Is there any chance in hell of getting this code into the core? It's already done, after all.

Of course, you just have to file a TIP and follow the process involved. With a bit of persistence, good ideas quickly get accepted into the core.

2006-03-26 [ARR]: Great job, I like this tool very much! I used the windows dll and I think I found a heavy bug: if "image create photo" is used in a namespace or even if there is :: in the image name my app crashes. A workaround is to rename the image command and overwrite with a small proc to eval at global level and avoid image names like ::my_image_name. Could anyone fix the bug in the C code please?
catch { rename image image_org }

proc image { args } {
    catch { uplevel #0 image_org $args } err

NJG 2006-04-01:

I have replaced the Windows dll in the package (download reference just before the example images) with a new one that interprets namespace qualifiers as the unmodified image code would do. However, note the following anomaly I had to mirror in my code (which hijacks only the <image> copy ... commands and let control pass through in all other cases):
namespace export image
namespace eval zri {
    namespace import ::image
    image create photo blahblah::PHOTO1        ;# creates ::zri::blahblah::PHOTO1 expected
    image create photo PHOTO2                ;# creates ::PHOTO2 rather than ::zri::PHOTO2!
image create photo ::zri::PHOTO3        ;# creates ::zri::PHOTO3 expected
namespace eval zri {
    PHOTO1 copy ::zri::PHOTO3                 ;# it works only in this form

That is, if there are no namespace qualifiers in the name the image is created in the global namespace not in the current one!

Lars H: As far as image creation is concerned, this is an obscure "feature" of Tcl_CreateObjCommand, and affects also many other commands that create new commands. The most annoying aspect of it is probably that one cannot use them to create a specific command (in this case, an image) in the current namespace unless one gives a fully qualified name for it. Fortunately, [namespace current]::somename isn't too hard to write.

[ARR] 2006-04-07: Thanks a lot for your very quick help. All works great now in my application. I hope this will go into the core.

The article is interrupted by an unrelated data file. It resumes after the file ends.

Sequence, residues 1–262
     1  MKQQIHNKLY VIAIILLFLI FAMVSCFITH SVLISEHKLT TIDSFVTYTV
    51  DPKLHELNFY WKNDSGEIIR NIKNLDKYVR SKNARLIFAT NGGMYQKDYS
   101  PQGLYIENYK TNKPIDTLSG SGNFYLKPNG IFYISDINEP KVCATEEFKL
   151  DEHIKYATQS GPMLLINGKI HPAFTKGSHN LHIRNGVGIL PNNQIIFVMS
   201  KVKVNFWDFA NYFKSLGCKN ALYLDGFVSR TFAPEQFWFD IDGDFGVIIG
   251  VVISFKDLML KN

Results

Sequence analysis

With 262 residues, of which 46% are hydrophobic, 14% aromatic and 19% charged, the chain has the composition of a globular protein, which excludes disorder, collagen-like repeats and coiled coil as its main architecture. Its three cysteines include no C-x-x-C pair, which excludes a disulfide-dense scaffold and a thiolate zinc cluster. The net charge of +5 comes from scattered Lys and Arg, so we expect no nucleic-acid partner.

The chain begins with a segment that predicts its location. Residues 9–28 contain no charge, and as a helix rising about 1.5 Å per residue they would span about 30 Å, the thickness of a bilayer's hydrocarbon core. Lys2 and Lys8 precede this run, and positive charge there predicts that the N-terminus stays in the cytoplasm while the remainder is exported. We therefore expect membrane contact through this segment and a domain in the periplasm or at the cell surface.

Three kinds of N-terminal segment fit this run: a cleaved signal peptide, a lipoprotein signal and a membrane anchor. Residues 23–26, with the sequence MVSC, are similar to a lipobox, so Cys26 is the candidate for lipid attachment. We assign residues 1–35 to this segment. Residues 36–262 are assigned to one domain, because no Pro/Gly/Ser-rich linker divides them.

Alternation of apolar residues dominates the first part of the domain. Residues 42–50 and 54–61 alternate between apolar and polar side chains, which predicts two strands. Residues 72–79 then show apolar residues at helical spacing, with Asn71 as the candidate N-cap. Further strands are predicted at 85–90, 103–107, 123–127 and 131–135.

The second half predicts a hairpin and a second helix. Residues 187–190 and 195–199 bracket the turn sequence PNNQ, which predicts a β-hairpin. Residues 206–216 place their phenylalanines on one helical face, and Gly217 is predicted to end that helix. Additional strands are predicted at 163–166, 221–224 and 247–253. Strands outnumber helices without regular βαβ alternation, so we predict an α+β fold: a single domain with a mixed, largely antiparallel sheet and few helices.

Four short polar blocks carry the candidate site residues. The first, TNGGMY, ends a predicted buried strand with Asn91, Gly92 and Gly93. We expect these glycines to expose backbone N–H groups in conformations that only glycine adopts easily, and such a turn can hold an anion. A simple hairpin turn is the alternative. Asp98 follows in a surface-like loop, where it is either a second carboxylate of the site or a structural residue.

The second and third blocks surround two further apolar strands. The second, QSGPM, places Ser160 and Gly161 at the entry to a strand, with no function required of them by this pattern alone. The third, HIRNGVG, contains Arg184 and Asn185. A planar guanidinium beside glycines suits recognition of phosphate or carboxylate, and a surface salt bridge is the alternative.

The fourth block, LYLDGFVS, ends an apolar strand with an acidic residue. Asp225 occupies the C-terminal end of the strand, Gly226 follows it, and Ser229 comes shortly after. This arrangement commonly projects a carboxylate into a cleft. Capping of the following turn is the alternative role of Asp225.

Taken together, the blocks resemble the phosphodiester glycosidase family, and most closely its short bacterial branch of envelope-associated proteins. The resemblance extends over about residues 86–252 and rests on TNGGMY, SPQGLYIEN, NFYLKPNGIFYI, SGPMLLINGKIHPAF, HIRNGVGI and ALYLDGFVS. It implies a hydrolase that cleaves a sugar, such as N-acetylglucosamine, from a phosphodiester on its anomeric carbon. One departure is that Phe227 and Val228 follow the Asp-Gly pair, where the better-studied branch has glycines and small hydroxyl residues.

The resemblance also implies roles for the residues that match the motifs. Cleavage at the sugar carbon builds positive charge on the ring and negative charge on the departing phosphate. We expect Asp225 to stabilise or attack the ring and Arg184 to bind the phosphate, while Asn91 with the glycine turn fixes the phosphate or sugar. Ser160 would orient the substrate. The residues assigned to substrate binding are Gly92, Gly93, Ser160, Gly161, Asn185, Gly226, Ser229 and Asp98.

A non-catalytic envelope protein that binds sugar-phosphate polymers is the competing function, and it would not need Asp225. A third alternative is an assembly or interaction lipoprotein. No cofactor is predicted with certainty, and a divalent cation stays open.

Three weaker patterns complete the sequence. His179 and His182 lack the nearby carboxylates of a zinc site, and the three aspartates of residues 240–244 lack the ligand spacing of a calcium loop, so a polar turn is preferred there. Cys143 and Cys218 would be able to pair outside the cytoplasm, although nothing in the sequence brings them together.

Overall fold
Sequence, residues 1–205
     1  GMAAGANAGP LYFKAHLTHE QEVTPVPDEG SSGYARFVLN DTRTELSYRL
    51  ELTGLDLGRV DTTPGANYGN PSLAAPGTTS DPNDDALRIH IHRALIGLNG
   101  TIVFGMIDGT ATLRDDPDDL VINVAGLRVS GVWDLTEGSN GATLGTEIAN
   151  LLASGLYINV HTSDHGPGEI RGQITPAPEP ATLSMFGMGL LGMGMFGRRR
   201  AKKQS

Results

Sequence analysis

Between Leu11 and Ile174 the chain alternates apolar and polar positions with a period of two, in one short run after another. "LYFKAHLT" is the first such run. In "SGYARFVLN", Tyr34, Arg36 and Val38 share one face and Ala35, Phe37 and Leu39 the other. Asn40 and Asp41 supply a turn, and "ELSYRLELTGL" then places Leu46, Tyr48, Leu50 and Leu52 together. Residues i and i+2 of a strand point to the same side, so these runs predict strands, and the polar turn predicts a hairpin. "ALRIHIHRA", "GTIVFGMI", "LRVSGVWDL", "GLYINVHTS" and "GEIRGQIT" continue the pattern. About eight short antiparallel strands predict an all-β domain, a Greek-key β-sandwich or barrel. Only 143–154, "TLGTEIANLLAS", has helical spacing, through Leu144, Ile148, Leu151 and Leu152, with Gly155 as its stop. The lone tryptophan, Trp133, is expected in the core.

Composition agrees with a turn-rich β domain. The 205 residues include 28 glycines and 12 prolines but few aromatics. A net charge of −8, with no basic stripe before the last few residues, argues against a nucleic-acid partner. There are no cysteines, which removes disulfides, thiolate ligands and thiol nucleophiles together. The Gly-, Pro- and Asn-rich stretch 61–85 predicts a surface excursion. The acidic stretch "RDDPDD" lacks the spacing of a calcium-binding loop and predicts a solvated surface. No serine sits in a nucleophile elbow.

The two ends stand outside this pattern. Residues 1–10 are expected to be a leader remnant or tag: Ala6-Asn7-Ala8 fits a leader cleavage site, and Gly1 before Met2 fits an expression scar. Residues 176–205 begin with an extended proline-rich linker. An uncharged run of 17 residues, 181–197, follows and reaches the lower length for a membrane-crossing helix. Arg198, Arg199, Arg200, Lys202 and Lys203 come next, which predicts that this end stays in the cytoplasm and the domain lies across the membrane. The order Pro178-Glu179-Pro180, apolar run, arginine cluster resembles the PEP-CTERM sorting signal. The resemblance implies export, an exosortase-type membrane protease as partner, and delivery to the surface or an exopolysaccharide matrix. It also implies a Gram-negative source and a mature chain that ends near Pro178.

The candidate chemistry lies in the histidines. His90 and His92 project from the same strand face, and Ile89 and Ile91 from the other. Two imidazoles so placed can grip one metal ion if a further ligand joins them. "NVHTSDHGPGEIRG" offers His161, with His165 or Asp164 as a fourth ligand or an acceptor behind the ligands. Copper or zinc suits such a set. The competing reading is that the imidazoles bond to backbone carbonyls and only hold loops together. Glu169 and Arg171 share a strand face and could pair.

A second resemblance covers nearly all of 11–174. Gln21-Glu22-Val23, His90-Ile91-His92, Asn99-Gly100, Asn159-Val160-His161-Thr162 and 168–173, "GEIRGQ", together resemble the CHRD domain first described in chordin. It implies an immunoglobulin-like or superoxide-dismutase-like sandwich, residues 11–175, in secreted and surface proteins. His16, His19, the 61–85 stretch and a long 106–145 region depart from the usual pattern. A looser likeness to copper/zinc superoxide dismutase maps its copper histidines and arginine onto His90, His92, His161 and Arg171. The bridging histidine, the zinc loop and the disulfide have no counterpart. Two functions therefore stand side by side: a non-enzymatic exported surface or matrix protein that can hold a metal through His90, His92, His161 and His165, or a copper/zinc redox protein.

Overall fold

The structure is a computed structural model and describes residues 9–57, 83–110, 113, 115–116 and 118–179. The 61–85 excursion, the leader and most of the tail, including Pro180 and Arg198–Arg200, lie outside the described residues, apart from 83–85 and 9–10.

Note: 'hoping' this will go in the core won't get it there. It just takes someone (doesn't even need to be the author of the package) to write up a TIP and submit it, and then persevere a bit with discussion, questions, etc.

PWE 2006-05-09: When doing an asymmetrical downscaling with
 $nimg copy $img -filter Mitchell -scale 1.0 0.1

the height remains the same, whilst the width is shrunk to one tenth. From the documentation above, I would have expected the width remain the same, and the height to have shrunk.

US: Scroll up a few lines to see why!

RT: I scrolled and looked at source and it seems that if 2 scaling factors are given they are reversed. So if you supply the values in reverse order it works as expected. (Of course when you get a corrected version your code will be wrong :*( Roy Terry, 10May2006 - looking at NJG's original code.

[MiR] 2012-04-04 13:33:52:

<I've been searching for a simple scaling possibility with floating point factors. Has this code ever been opted for integration into TK Core? Should I put it onto the TK 9.0 Wishlist? Or can anyone correct me if I'm wrong and this code is whether incorporated already or disposable due to common alternatives. I try to code a crossplattform script with seamless scaling and I know there are lots of extensions or evem Imagemagick but its hard to keep things compatible with this kind of solution...>